Forest Ecology and Conservation Group, Department of Plant Sciences, University of Cambridge
The key goal of my research is to achieve better understanding of trends and patterns of global biodiversity and better predictive capacity, by studying the imprint of paleoclimates on biodiversity.
My research questions:
1. How climate change has influenced biodiversity in a relatively short timeframe (thousands of years), through niche conservatism,
2. How climate change has influenced biodiversity in evolutionary timeframe (millions of years), i.e. through niche shifts and niche conservatism?
Exploring controversial biogeographical hypotheses in Eastern Europe using ecological niche modelling
External collaborators: Mykyta Peregrym (University of Kyiv, Ukraine); Roy H.J. Erkens (Utrecht University, The Netherlands).
Objectives: To achieve better understanding of the pan-European legacy of the ice ages for species and genetic diversity, the existing controversy as to the exact number and locations of the Pleistocene refugia, presence or absence of migration routes for plants, and the ages of some relicts in Eastern Europe (EE) needs to be resolved. We propose to resolve the controversial biogeographical situation of EE using species distribution models. As a study group, we will use the fern genus Asplenium, for species of which European distributions are well documented except for the eastern part, where available data are often incomplete. The evidence from ecological niche modelling will be verified against the existing biogeographical hypotheses and conclusions will be drawn about the fate of EE plant diversity in a changing climate.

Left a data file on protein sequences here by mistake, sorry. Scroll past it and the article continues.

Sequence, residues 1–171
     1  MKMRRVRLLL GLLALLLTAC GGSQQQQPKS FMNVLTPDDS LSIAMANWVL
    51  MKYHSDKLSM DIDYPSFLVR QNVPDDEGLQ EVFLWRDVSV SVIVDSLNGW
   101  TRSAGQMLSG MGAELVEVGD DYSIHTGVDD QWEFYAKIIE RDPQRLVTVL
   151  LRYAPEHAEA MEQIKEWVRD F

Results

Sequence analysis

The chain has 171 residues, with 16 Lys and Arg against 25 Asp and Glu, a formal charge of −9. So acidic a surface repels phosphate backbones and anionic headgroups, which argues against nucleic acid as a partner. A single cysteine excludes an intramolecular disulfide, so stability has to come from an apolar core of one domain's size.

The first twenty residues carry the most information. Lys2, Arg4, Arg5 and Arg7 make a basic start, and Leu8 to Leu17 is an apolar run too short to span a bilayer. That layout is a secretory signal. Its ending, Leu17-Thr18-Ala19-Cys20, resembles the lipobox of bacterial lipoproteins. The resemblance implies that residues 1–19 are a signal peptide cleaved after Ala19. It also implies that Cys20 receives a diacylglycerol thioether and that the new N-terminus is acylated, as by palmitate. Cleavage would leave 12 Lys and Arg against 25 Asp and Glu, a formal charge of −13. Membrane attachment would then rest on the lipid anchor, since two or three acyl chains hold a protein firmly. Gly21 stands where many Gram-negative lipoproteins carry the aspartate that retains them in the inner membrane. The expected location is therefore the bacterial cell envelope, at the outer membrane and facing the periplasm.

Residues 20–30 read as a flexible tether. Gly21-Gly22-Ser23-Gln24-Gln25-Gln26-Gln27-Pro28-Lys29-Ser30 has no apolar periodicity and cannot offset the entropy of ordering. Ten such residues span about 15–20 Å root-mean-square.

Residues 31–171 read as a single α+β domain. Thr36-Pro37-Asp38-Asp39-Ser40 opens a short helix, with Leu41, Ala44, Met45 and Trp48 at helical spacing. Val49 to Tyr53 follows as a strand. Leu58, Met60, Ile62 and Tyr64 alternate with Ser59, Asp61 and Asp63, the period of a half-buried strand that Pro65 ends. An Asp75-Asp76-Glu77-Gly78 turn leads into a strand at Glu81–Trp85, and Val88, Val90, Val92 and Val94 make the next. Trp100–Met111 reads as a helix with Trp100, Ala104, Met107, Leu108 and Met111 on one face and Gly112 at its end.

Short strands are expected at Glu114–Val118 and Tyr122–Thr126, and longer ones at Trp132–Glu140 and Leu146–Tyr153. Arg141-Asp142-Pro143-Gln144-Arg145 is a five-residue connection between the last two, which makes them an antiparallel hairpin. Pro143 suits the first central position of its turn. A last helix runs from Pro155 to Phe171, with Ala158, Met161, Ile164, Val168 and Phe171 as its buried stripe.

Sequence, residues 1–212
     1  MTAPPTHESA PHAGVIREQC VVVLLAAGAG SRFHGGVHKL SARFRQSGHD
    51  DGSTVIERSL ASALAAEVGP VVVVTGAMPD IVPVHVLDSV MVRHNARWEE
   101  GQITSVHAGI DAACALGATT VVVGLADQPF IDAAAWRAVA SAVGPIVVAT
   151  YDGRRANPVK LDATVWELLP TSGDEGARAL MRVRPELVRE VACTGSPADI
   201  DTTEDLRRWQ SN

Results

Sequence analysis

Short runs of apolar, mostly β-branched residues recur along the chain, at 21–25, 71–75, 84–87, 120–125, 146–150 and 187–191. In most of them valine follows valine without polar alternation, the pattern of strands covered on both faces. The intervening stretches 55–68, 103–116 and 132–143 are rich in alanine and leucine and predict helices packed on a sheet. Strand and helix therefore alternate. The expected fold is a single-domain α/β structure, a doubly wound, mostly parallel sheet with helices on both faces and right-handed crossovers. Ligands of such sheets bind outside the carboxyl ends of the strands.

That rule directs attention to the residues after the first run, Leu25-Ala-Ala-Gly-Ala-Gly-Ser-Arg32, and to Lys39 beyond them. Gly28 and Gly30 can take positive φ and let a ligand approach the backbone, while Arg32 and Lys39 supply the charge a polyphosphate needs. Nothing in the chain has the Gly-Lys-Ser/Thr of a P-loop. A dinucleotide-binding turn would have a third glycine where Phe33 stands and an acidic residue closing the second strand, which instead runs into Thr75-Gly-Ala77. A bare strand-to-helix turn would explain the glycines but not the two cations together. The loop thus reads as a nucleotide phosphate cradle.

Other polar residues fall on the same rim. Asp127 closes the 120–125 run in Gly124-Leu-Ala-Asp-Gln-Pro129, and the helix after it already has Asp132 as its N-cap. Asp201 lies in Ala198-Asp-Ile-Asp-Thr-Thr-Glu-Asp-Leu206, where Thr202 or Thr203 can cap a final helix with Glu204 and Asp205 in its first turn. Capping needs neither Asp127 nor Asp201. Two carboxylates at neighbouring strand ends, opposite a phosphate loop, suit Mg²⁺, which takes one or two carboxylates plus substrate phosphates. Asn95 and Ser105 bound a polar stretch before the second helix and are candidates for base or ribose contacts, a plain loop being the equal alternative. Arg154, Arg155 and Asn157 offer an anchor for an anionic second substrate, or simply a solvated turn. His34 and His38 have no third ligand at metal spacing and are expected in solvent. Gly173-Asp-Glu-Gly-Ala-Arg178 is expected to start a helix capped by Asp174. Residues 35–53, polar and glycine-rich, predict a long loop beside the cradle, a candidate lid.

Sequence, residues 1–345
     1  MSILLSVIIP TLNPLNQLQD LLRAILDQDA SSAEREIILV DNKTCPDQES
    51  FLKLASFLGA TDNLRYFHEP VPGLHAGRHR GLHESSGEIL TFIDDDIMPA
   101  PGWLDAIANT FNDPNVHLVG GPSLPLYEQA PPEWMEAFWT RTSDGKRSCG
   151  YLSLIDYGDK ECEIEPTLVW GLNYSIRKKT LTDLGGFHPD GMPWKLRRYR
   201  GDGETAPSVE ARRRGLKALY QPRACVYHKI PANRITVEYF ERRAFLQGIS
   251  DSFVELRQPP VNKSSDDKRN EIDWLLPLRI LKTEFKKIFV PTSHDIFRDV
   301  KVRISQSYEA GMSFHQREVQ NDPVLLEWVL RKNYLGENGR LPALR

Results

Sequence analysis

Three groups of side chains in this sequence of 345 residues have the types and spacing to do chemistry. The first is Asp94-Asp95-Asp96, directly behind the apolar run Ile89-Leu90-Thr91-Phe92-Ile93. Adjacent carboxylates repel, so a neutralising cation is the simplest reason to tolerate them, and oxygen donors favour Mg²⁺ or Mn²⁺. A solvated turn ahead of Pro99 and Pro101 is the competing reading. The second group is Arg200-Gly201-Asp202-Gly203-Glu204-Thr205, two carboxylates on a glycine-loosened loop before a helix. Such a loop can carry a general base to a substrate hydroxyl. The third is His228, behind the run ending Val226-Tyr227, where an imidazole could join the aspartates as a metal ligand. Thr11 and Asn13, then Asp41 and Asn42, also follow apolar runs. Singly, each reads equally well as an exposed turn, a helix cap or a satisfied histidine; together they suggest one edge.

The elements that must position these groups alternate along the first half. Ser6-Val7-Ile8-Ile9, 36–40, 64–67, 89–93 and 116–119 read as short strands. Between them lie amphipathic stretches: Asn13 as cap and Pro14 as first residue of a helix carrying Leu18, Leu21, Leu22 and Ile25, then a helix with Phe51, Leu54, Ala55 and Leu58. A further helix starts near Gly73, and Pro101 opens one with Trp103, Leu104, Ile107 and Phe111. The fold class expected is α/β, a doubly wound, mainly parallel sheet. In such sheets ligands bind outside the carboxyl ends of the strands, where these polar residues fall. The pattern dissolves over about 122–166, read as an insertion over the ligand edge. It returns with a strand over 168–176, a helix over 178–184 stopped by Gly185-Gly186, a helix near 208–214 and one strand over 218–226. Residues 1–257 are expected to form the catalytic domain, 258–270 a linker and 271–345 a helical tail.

Integration of niche modelling and phylodiversity studies to explore Altai plant diversity
External collaborators: A. Shmakov (Barnaul State University, Russian Federation); Niklaus Zimmermann (Swiss Federal Research Institute, Switzerland)
Objectives: Global climate change poses a number of risks to mountain habitats, where species are faced with the reduced amount of habitat, or may disappear completely. The unique plant diversity of the Altai Mountain County is characterised by complex community structure, high endemism and presence of the Tertiary relicts. We propose to test the hypothesis that the robustness of different plant communities to climate change will depend on their ecological and phylogenetic structure, by integrating environmental niche modelling and phylodiversity approach using the existing taxonomic knowledge as a background. The results will form a baseline record for future research and conservation.
FP7 Marie Curie Project INTERCROSSING under the sub-programme Initial Training Network (ITN). http://intercrossing.wikispaces.com/